fbpx

RA’s Daily Russia News Blast – April 16, 2015

4c1269ac-b104-47d9-8594-447c0dded299.fileTODAY: Putin gears up for annual Q+A; pre-session comments indicate few surprises; Kremlin in talks with OPEC; the efficiency of Russia’s hybrid warfare; Culture Ministry bans release of wartime Hollywood blockbuster; Poland fears descent of Night Wolves; environmental campaigner’s plea for early release refused; Apple tackles Siri’s homophobia ‘bug’. 

From little green men to fairytale dresses, Bloomberg offers a guide to the themes of President Putin’s annual televised Q+A, which takes place today.  Expect the expected, if the comments of the President’s spokesman are anything to go by: ‘Judging by the questions, in general Russians want the president to pursue a more hard-line policy course, consistently directed at defending national interests.’  Official income declarations have shown Putin and Prime Minister Medvedev both earning twice as much income for last year as they did in 2013, in accordance with a rise the President instated in 2014.  Both, however, slashed their pay by 10% last month amid the country’s financial turmoil, which looks likely to force hundreds of Russian banks to close or merge.  With low oil prices a significant factor, Russia has been holding active, ‘unprecedented’ consultations with OPEC, but is reportedly not considering cutting production.  As the prospect of sanctions being lifted beckons, Lukoil has reopened its office in Iran.  Russia has called Canada’s decision to send 200 military trainers to Ukraine, at the request of the Ukrainian government, as ‘counterproductive and deplorable’.  Hybrid warfare is Russia’s preferred approach to modern conflict, notes former NATO secretary general Anders Fogh Rasmussen, and it is being executed far more effectively than the West thinks.  This comment piece also highlights the breadth and scope of Russia’s ‘intelligence offensive’.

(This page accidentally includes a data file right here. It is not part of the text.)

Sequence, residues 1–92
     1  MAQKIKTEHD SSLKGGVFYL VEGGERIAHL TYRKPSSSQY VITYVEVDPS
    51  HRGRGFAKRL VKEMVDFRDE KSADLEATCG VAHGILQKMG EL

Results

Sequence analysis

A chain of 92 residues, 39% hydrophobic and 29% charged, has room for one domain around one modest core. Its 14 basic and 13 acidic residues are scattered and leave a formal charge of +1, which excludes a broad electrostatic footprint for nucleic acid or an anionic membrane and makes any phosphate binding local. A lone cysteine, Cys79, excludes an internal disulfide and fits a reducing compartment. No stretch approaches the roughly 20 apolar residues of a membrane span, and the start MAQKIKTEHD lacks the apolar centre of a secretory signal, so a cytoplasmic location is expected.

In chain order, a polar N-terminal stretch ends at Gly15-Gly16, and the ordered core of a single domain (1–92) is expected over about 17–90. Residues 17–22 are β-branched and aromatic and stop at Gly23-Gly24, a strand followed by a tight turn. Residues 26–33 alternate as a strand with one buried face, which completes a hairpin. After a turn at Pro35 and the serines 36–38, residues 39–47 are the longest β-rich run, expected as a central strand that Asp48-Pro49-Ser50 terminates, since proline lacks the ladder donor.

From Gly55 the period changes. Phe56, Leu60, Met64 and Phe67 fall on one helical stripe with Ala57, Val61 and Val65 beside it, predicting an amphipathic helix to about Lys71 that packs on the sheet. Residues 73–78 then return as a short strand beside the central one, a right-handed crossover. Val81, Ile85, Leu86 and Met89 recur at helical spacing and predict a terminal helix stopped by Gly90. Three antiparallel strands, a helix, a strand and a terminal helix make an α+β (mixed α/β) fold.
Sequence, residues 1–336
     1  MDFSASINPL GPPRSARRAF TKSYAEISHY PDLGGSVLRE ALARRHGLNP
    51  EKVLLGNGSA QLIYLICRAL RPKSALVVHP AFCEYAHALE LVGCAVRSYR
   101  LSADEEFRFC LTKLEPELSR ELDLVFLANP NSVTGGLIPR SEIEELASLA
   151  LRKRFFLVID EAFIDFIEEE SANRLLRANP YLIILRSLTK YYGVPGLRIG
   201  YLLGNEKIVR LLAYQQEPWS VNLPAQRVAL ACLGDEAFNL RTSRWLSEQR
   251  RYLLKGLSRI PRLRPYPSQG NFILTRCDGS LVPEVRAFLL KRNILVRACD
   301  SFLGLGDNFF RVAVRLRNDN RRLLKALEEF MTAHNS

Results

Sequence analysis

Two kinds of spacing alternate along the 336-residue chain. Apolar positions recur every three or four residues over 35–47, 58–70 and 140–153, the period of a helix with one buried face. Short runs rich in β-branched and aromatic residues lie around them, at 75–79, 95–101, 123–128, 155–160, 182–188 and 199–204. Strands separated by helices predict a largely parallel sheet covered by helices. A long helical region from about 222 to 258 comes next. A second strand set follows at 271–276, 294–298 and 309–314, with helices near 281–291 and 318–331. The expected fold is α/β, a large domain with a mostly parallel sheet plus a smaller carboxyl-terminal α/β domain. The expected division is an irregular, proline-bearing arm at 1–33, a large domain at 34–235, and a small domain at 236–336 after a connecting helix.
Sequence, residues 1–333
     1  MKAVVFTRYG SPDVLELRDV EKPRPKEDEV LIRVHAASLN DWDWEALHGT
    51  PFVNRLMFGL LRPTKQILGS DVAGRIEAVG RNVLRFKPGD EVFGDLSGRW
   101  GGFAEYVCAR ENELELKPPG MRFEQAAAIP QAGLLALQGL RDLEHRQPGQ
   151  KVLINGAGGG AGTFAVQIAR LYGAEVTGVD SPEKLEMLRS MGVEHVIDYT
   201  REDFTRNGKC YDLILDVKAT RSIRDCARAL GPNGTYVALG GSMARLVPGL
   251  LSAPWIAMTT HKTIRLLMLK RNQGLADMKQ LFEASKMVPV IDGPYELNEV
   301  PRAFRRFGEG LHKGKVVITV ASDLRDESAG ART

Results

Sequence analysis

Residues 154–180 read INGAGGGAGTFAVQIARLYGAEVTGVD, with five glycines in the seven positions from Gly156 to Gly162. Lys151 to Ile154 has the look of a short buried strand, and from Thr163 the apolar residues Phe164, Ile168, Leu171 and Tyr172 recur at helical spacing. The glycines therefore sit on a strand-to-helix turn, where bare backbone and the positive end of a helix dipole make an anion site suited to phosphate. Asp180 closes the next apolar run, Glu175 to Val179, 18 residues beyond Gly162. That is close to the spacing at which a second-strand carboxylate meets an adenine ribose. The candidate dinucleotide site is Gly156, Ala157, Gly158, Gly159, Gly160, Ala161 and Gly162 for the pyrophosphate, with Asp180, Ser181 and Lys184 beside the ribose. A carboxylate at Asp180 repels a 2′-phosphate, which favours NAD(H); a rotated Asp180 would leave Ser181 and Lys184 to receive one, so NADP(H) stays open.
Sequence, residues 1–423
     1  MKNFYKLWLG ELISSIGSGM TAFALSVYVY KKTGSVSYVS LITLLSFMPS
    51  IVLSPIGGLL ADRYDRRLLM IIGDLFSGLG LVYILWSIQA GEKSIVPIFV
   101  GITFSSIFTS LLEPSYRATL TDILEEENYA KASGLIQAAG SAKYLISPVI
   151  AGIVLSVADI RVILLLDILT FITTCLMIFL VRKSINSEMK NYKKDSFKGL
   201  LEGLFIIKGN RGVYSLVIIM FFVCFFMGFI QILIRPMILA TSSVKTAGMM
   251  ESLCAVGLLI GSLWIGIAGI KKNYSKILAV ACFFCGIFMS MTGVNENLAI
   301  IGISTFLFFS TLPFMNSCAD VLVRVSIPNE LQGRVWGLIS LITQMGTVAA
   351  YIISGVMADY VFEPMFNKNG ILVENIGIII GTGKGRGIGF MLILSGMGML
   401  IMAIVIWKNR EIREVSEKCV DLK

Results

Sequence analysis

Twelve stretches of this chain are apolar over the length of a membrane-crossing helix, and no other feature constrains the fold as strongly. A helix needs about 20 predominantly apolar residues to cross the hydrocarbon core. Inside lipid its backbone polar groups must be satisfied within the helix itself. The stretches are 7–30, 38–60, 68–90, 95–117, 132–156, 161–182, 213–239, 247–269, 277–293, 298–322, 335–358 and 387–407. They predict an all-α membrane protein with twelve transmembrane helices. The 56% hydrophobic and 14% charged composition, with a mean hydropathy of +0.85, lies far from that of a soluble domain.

One day before its release, the Kremlin has banned Child 44, a Hollywood thriller set in the post-World War II Soviet Union from theatres, on the basis that it film falsifies history, and at a sensitive time, given that it is just weeks until the 70th anniversary of the victory over Nazi Germany.  Russia’s Culture Minister has complained that the movie presents ‘not a country, but a Mordor, with physically and mentally inferior subhumans’.  Poland has voiced concerns about plans for Putin-sponsored biker gang the Night Wolves to ride through Poland on a journey to Berlin to mark Victory Day.  Plans to ressucitate Soviet-era work camps for the treatment of drug addicts have been met with criticism by addiction experts.

The Siberian Environment Center, a charity which receives funds from Dutch and U.S. organisations, has been fined $6,000 for failing to label itself a foreign agent.  A district court has ruled that Sochi-based environmental activist Yevgeny Vitishko does not deserve early release from jail.  The house arrest of Konstantin Yankauskas, an associate of Kremlin foe Alexei Navalny accused of fraud and electoral violations, has been extended.  After a gay man asked the Russian speaking version of Siri how to register a gay marriage in England and was greeted with the response ‘I will pretend I didn’t hear that’, Apple has stepped in to fix the homophobic bias many users have noted in the Russian edition of the programme.

PHOTO: President Vladimir Putin meets the Night Wolves in Sevastopol in 2012. (cc/kremlin.ru)